Tunisia - Fitch Ratings, the international credit rating agency, forecasts a decrease in Tunisia's budget deficit to 5.8% of GDP in 2023, compared to 6.9% in 2022, thanks to a rationalisation of wage expenditures, measures taken in the field of tax reform, and an improvement in state resources.
In a recently published note, the rating agency highlights that during the first half of 2023, Tunisia posted a budget surplus of TND58.8 million (around 0.4% of GDP) in 1H23, influenced by lower-than-expected spending which reached only 38% of the full-year budgeted level. Subsidies and transfer expenditure in 1H23 was just 27% of the annual amount budgeted.
Fitch estimates the energy and food subsidy costs to fall to about 6% of GDP in 2023 from 8% last year, supported by lower international prices and 2022 domestic fuel and electricity price adjustments.
However, Fitch Ratings cautions that the budget surplus should not be considered stable because "some costs relating to subsidies and transfers over the period have not yet been captured in the budget numbers."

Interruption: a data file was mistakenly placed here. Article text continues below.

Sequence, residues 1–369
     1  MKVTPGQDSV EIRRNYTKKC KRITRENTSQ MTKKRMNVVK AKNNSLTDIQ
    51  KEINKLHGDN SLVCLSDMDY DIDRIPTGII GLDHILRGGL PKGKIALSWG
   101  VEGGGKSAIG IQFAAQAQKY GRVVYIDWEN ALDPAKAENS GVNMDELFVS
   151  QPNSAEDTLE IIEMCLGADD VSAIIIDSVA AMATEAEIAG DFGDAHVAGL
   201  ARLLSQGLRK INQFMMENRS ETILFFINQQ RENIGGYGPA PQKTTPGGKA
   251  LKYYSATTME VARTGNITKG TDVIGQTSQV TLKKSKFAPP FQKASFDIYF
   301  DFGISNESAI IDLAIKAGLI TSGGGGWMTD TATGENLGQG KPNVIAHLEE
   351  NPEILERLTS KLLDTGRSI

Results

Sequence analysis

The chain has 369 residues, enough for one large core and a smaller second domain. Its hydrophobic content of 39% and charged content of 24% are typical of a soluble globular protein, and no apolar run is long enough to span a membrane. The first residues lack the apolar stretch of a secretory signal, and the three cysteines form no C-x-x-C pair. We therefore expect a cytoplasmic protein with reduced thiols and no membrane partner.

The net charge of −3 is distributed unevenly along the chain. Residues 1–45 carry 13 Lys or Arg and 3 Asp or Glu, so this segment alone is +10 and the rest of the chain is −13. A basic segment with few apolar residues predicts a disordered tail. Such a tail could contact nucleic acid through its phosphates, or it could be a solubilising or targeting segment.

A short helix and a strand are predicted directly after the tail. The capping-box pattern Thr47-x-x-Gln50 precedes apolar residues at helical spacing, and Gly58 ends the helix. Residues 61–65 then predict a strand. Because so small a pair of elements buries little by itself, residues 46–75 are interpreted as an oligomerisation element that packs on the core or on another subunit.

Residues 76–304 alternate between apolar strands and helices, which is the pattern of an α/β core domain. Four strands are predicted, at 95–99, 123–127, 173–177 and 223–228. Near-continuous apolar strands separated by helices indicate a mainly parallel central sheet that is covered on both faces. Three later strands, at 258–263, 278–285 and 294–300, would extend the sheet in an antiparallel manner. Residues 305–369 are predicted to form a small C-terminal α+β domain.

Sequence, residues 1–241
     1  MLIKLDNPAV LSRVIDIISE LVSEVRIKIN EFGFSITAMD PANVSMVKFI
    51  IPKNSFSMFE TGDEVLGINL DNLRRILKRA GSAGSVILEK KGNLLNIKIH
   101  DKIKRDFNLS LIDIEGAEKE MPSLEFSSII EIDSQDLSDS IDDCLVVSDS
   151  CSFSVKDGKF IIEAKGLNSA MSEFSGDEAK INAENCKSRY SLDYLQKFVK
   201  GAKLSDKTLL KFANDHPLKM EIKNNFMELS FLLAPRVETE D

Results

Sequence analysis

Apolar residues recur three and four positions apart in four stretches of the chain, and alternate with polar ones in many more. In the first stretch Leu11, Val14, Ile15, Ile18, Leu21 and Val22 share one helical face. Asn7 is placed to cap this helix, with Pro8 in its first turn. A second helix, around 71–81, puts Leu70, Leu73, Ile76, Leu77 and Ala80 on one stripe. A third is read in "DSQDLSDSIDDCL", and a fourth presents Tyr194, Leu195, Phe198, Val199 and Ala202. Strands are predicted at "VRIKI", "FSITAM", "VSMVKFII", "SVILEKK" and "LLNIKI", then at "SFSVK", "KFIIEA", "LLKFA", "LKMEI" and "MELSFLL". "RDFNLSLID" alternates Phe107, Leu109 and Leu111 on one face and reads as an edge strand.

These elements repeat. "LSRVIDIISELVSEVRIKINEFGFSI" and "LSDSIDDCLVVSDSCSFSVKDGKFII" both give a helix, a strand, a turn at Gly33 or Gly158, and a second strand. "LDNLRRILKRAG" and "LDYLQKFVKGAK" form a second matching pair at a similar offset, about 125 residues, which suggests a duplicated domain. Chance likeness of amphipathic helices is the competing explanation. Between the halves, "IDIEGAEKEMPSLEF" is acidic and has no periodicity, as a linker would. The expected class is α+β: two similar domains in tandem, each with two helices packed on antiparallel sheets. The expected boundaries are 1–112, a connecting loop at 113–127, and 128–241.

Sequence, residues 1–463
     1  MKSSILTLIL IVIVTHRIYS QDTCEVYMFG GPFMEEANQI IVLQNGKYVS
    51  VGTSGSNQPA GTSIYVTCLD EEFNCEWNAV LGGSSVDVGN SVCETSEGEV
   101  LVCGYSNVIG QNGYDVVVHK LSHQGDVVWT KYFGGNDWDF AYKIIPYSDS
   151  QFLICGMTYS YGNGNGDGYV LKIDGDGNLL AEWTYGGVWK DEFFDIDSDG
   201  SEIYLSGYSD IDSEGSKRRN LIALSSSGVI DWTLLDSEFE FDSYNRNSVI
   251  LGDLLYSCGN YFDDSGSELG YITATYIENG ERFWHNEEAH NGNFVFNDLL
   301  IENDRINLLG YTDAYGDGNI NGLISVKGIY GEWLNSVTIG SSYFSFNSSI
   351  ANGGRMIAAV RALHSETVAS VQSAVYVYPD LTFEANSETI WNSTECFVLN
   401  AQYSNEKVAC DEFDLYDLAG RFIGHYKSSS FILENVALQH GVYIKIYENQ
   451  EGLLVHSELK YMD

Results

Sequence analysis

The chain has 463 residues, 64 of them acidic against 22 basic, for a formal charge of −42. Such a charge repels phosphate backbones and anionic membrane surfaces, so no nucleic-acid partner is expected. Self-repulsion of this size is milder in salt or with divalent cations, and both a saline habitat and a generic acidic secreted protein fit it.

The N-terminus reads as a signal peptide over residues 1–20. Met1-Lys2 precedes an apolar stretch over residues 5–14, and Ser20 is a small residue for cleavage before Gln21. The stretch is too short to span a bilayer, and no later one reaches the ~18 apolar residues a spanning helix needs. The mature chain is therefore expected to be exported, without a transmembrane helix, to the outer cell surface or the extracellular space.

The rating agency also emphasised that the agreement reached in August 2022 with the Tunisian General Labour Union (UGTT) - to control the growth of the wage bill continues to hold, and has allowed the government to keep wage expenses in line with budget in 1H23. The deal is factored into Fitch's forecast that the budget deficit will fall to 5.8% in 2023, from 6.9% in 2022.
It is worth noting that the state budget recorded a surplus of 58.8 million dinars during the first half of 2023, compared to a deficit of 687 million dinars during the same period in 2022, according to the document "Provisional Results of the State Budget Execution," recently published by the Finance Ministry.
This improvement is attributed to a 6.6% increase in budgetary resources, reaching TND 20.58 billion by the end of June 2023, primarily due to an increase in tax revenues (8.3%) compared to a near-stabilisation of wage expenditures (2.8%).
Tunisia's external debts decreased from TND 5607.7 million at the end of June 2022 to TND 2710.3 million during 1H2023, marking the first decline of this kind since 2011.
In the same vein, the Finance Ministry reported a decrease in domestic debt, demonstrating that the Tunisian government has managed to avoid heavy reliance on debt, which has worsened over the past decade, bringing the public debt to TND 119.8 billion, with TND 57.1 billion representing external debt.
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